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Letter to the Editor
2010:76:1;61-62
doi: 10.4103/0378-6323.58684
PMID: 20061736

Updosing of antihistamines to improve control of chronic urticaria

Kiran V Godse
 Shree Skin Centre, 21/22, L Market, Sector 8, Nerul, Navi Mumbai - 400 706, India

Correspondence Address:
Kiran V Godse
Shree Skin Centre, 21/22, L Market, Sector 8, Nerul, Navi Mumbai - 400 706
India
How to cite this article:
Godse KV. Updosing of antihistamines to improve control of chronic urticaria. Indian J Dermatol Venereol Leprol 2010;76:61-62
Copyright: (C)2010 Indian Journal of Dermatology, Venereology, and Leprology

Sir,

Nonsedating antihistamines are recommended as first line treatment for patients with urticaria. The current European Academy of Allergology and Clinical Immunology/Global Allergy and Asthma European Network/European Dermatology Forum (EAACI/GA 2 LEN/EDF) guidelines call for updosing of nonsedating antihistamines (up to four times the standard dose) in urticaria patients who do not respond satisfactorily to the standard doses. [1] There are a few studies to assess the efficacy of such a recommendation.

Twenty patients (12 females and eight males, age group 20-60 years, mean age 27.2 years) with chronic urticaria for at least six weeks and pruritus, wheal score of more than two were enrolled after an informed written consent. The exclusion criteria included physical urticaria, urticarial vasculitis, pregnant or lactating women, gastritis, a history of sensitivity to aspirin or NSAIDs and a history of aggravation of symptoms by pressure. Routine investigations like complete blood count, blood sugar, thyroid stimulating hormone (TSH) and urine examination were done to rule out infections before starting therapy. All 20 patients had chronic idiopathic urticaria of duration ranging from three months to two years (mean duration 14.8 months).

After a one-day washout without treatment we graded symptoms using the Urticaria activity score (UAS). The UAS consisted of the sum of the wheal number score and the itch severity score. [2] The wheal numbers were graded from 0 to 3 as follows: 0-< 10 small wheals (diameter, < 3 cm); 1-10 to 50 small wheals or < 10 large wheals (diameter,> 3 cm); 2->50 small wheals or 10 to 50 large wheals; and 3 - almost the whole body is covered. The severity of the itching was graded from 0 to 3 (0, none; 1, mild; 2, moderate; and 3, severe).

Sedation was graded from 0 to 3 (0, none; 1, mild; 2, moderate; and 3, severe). We recorded UAS at zero two and four weeks to monitor urticaria. All patients were started with levocetirizine 5 mg tablet at bed time. Patients were reviewed at weekly intervals of four weeks. For symptomatic patients, the dose of levocetirizine was doubled to two tablets at bed time at the end of one week and four tablets in two divided doses at the end of two weeks.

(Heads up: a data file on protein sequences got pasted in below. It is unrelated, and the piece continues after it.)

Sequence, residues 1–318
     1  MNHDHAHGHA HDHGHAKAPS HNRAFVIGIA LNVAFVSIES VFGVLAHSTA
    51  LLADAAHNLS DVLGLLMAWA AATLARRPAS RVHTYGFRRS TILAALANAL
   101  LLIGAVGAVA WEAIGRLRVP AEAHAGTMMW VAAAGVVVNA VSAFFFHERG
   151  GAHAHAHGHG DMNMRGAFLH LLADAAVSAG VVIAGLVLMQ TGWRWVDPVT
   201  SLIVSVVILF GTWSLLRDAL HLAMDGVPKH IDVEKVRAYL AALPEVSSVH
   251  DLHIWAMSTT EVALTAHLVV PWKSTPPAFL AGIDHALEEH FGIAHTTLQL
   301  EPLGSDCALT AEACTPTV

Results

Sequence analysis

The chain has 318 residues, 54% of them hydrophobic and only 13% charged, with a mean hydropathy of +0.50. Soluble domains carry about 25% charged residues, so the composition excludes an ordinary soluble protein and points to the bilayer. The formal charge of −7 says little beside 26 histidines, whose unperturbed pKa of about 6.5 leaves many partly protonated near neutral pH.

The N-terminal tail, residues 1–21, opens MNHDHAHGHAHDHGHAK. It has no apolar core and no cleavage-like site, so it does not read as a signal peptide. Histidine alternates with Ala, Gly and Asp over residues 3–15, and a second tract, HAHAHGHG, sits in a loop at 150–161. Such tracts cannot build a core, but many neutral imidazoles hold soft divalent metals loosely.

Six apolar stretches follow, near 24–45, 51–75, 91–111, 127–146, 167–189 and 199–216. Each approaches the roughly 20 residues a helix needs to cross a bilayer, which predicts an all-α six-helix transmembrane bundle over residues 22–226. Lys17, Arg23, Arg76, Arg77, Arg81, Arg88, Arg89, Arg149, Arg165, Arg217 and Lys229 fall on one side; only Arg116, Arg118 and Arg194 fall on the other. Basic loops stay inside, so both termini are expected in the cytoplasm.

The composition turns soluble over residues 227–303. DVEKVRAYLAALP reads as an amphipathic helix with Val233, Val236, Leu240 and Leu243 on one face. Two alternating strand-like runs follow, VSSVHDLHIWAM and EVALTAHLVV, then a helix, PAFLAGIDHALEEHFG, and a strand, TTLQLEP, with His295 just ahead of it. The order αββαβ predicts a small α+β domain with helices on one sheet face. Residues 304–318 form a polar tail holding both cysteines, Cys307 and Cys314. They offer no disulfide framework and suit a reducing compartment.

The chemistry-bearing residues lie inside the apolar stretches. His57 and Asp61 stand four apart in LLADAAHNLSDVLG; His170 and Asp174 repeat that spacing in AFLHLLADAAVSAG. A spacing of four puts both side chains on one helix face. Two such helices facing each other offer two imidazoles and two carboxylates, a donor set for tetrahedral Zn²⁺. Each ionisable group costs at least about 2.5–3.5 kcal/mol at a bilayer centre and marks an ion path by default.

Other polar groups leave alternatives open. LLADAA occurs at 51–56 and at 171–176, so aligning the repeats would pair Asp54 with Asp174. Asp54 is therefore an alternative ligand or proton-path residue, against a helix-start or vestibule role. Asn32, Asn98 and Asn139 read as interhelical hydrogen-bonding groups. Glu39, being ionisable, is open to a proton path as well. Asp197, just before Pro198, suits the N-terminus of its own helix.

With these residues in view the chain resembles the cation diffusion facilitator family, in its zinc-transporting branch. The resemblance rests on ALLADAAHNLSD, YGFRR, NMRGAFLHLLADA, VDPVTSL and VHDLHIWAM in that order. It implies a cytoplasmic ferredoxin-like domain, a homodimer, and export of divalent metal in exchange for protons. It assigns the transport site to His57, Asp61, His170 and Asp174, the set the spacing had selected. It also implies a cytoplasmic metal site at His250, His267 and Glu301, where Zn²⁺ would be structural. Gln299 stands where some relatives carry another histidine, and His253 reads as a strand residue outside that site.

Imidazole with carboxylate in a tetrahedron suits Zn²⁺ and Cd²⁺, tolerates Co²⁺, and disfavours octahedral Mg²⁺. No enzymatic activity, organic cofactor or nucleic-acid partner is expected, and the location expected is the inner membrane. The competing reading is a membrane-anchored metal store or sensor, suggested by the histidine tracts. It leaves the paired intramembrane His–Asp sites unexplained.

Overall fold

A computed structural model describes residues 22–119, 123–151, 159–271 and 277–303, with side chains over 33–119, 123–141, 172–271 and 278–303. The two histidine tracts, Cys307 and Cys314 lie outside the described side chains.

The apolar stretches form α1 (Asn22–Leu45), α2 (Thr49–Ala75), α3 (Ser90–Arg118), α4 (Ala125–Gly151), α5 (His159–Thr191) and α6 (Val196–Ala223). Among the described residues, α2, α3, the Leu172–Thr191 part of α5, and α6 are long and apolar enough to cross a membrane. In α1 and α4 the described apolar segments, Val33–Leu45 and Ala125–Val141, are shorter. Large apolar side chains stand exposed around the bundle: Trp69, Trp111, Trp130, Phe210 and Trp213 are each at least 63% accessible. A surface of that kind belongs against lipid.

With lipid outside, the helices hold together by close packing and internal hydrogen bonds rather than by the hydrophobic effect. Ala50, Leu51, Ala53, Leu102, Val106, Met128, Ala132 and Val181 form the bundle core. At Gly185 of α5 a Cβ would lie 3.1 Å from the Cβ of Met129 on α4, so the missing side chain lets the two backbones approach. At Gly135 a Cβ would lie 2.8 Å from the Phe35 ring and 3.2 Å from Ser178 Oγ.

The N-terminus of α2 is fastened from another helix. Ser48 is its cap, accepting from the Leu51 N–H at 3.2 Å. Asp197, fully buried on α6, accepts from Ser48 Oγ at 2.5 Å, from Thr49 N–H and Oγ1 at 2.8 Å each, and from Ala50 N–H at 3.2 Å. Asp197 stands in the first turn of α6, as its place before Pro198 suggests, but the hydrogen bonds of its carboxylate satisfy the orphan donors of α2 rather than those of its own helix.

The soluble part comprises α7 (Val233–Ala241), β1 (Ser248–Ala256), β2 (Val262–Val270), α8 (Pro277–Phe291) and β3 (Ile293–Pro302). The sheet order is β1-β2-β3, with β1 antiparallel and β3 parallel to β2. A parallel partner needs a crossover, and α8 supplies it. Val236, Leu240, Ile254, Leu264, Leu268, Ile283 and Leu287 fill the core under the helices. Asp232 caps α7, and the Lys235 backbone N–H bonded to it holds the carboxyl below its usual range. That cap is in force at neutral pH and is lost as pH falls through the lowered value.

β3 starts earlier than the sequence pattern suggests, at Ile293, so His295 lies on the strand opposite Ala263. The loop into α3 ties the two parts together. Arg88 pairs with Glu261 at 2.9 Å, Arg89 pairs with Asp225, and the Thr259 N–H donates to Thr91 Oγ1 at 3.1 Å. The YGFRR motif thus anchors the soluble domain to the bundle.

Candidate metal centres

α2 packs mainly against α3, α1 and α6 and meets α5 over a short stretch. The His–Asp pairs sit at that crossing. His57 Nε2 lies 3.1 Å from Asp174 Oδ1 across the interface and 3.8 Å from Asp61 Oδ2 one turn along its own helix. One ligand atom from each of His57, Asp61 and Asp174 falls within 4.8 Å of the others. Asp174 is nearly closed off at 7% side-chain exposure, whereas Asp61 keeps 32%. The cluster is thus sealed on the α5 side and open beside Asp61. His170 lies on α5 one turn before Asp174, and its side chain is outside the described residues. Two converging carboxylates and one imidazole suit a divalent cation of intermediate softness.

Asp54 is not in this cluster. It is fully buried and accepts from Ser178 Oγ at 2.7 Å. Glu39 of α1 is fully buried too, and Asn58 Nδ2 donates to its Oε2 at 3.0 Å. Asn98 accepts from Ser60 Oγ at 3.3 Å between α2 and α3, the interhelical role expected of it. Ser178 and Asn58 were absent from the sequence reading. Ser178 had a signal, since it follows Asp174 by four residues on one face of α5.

Investigations revealed microcytic anemia in two patients and raised thyroid stimulating hormone (TSH) in one patient. Average UAS was 4.5 at 0 weeks which came down to 2.2 at one week.

At the end of one week, eight patients out of 20 were symptomatic. We doubled the dose to 10 mg of levocetirizine at bedtime. At two weeks UAS was 1.2. At the end of two weeks two out of eight patients were symptomatic whose dose was doubled to 10 mg of Levocetirizine twice a day. At the end of four weeks UAS came down to less than 1.

Sedation was recorded as 0, mild or moderate or severe. One patient with 20 mg of levocetirizine complained of sedation, which was mild and one patient with 10 mg of levocetirizine complained of sedation which was also mild in nature. Twelve, six and two patients became symptom-free when administered 5, 10 and 20 mg levocetirizine respectively.

In a recent study, Levocetirizine 5 mg was significantly more efficacious than desloratadine 5 mg in the treatment of chronic idiopathic urticaria symptoms. [3] Another recent study from Germany showed that desloratadine at standard and high doses significantly improved objective signs of acquired cold urticaria provoked by cold exposure. Desloratadine at four times the standard dose significantly reduced acquired cold urticaria lesion severity versus 5 mg of desloratadine without an increase in adverse events. [4]

The EAACI/GA 2 LEN recommendation of using nonsedating H 1 antihistamines up to four fold above the recommended doses appears to be effective with mild sedation. The current approach of adding another antihistamine may be changed to updosing the same antihistamine for desirable results. Further studies are required to validate this observation.

References
1.
Zuberbier T, Bindslev-Jensen C, Canonica W, Grattan CE, Greaves MW, Henz BM, et al. EAACI/GA 2 LEN/EDF guideline: Management of urticaria. Allergy 2006;61:321-31.
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Erbagci Z. The leukotriene receptor antagonist montelukast in the treatment of chronic idiopathic urticaria: A single-blind, placebo-controlled, crossover clinical study. J Allergy Clin Immunol 2002;110:484-8.
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3.
Potter PC, Kapp A, Maurer M, Guillet G, Jian AM, Hauptmann P, et al. Comparison of the efficacy of levocetirizine 5 mg and desloratadine 5 mg in chronic idiopathic urticaria patients. Allergy 2009;64:596-604.
[Google Scholar]
4.
Siebenhaar F, Degener F, Zuberbier T, Martus P, Maurer M. High-dose desloratadine decreases wheal volume and improves cold provocation thresholds compared with standard-dose treatment in patients with acquired cold urticaria: A randomized, placebo-controlled, crossover study. J Allergy Clin Immunol 2009;123:672-9.
[Google Scholar]

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